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this is a General Question about MVC ..

I wrote a PHP Class that send an Array with Core JsonData Strings to Jquery .. and on Jquery i´m accessing the data and add them to my views ( .append("htm stuff"+jsondata) )

now the Jquery is calling the data from a between.php page that has a catch block with many cases, and upon the called case/function , the between page is calling a function from the php class that sends the json data ..

so i have my oop php model that send the core jsondata , a controller ( catch block), and the view ( the jquery page) .. is this kind of MVC ? or i did miss understand it ?

an example of my code was posted on a previous Question here

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I haven't seen a single implementation like this. –  Adam Arold Jun 1 '11 at 9:22
Are you learning or developing? If developing, i would advise to use a framework, because 1. Its more secure 2. Its easyer & faster 3. Features 4. You don't have to think (this way or that? framework enforces you to do it the right way). You can google around for a php framework. –  Janis Veinbergs Jun 1 '11 at 9:32
just lerning :) ,, but thanks for the advice ! –  a_ak Jun 1 '11 at 9:49
I totally agree with @Janis Veinbergs. More specifically, I'd google for an MVC framework for php. CodeIgniter is a popular one, and a brand new one called Laravel emphasizes a lightweight feel and speed. –  StarTrekRedneck Jun 11 '11 at 16:39

2 Answers 2

up vote 1 down vote accepted

Looking at the code you posted in your other post it is not a MVC implementation. Or at least it is a bad implementation.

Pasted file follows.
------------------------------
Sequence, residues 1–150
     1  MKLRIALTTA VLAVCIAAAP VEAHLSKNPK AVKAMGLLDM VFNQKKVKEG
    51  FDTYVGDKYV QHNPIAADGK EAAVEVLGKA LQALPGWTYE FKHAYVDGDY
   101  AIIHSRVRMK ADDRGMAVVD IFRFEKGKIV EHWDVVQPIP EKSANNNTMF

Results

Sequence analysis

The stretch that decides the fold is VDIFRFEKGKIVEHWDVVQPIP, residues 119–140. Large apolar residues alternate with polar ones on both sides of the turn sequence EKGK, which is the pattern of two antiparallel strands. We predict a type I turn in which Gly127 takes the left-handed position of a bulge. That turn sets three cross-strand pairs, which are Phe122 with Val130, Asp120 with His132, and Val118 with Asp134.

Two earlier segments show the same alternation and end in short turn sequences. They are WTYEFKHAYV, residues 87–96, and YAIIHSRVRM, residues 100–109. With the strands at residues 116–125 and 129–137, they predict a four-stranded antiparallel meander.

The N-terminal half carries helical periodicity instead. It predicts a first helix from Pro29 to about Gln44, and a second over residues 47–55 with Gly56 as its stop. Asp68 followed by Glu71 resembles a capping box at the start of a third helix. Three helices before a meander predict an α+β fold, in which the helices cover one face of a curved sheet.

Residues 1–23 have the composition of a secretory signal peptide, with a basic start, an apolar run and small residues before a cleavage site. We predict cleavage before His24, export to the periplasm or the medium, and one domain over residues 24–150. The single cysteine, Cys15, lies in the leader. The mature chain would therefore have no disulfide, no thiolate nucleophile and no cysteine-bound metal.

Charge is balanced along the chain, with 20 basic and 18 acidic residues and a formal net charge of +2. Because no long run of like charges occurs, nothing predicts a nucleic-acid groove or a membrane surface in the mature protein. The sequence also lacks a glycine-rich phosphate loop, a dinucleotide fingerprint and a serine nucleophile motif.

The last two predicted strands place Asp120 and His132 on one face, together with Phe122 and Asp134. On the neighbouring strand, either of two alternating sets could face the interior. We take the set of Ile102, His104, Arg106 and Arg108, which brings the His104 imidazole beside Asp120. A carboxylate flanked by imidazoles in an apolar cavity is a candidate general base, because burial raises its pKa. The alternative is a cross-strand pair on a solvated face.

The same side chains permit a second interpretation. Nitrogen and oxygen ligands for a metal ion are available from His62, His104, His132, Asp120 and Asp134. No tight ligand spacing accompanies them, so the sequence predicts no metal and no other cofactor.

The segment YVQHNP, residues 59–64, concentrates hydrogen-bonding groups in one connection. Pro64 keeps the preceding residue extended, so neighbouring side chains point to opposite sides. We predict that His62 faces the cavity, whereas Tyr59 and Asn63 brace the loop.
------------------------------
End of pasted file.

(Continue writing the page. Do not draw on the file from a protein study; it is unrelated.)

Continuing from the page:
The MVC is about seperating your presentation from your business logic. Looking at your POST class you don't seperate your business logic from your view:

public static function readPosts(){
    $query = new Post_db("SELECT * FROM pmessage
                          ORDER BY p_id DESC

    $posts = array();
    while($row = $query->fetchRow()){
        $posts [] = new Post($row);

    foreach($posts as $item){
        echo $item;

In this function you get information from your database (business logic) and print content (view). In other words, you combine your MV in one method. So I would say: No, this is not MVC.

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ok got it! thanks alot. –  a_ak Jun 1 '11 at 9:42
I agree, but I'd take it one step further and say that hitting the database is a data access responsibility worthy of its own layer tangential to the business layer. I'm a fan of the repository model which gives you a powerful ability to change persistence methods down the road. –  StarTrekRedneck Jun 11 '11 at 16:32

Anything that satisfies or follows Model-View-Controller pattern is called MVC. It's up to us to take it in this way or the other.

In my opinion, like I said if it satisfies MVC needs then call it MVC.

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